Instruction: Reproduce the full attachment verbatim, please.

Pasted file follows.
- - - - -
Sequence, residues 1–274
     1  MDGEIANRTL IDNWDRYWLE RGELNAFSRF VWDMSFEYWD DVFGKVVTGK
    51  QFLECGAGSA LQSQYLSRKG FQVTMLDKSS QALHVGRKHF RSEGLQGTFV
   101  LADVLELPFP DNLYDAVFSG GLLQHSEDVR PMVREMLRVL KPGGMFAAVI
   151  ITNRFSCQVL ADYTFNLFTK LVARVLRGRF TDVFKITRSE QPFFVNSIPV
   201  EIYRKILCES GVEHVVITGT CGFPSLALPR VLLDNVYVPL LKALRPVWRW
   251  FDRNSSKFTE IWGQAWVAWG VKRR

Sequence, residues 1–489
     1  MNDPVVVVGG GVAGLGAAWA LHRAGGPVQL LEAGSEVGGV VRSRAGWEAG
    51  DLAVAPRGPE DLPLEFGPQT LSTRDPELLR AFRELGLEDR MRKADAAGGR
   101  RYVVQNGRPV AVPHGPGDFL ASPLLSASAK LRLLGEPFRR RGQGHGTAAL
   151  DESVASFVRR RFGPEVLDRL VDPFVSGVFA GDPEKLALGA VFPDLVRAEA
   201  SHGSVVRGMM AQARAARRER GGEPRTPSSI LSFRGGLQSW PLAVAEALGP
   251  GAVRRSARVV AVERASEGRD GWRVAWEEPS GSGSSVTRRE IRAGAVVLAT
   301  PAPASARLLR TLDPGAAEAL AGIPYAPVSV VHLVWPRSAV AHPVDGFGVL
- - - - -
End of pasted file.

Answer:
Sequence, residues 1–274
     1  MDGEIANRTL IDNWDRYWLE RGELNAFSRF VWDMSFEYWD DVFGKVVTGK
    51  QFLECGAGSA LQSQYLSRKG FQVTMLDKSS QALHVGRKHF RSEGLQGTFV
   101  LADVLELPFP DNLYDAVFSG GLLQHSEDVR PMVREMLRVL KPGGMFAAVI
   151  ITNRFSCQVL ADYTFNLFTK LVARVLRGRF TDVFKITRSE QPFFVNSIPV
   201  EIYRKILCES GVEHVVITGT CGFPSLALPR VLLDNVYVPL LKALRPVWRW
   251  FDRNSSKFTE IWGQAWVAWG VKRR

Sequence, residues 1–489
     1  MNDPVVVVGG GVAGLGAAWA LHRAGGPVQL LEAGSEVGGV VRSRAGWEAG
    51  DLAVAPRGPE DLPLEFGPQT LSTRDPELLR AFRELGLEDR MRKADAAGGR
   101  RYVVQNGRPV AVPHGPGDFL ASPLLSASAK LRLLGEPFRR RGQGHGTAAL
   151  DESVASFVRR RFGPEVLDRL VDPFVSGVFA GDPEKLALGA VFPDLVRAEA
   201  SHGSVVRGMM AQARAARRER GGEPRTPSSI LSFRGGLQSW PLAVAEALGP
   251  GAVRRSARVV AVERASEGRD GWRVAWEEPS GSGSSVTRRE IRAGAVVLAT
   301  PAPASARLLR TLDPGAAEAL AGIPYAPVSV VHLVWPRSAV AHPVDGFGVL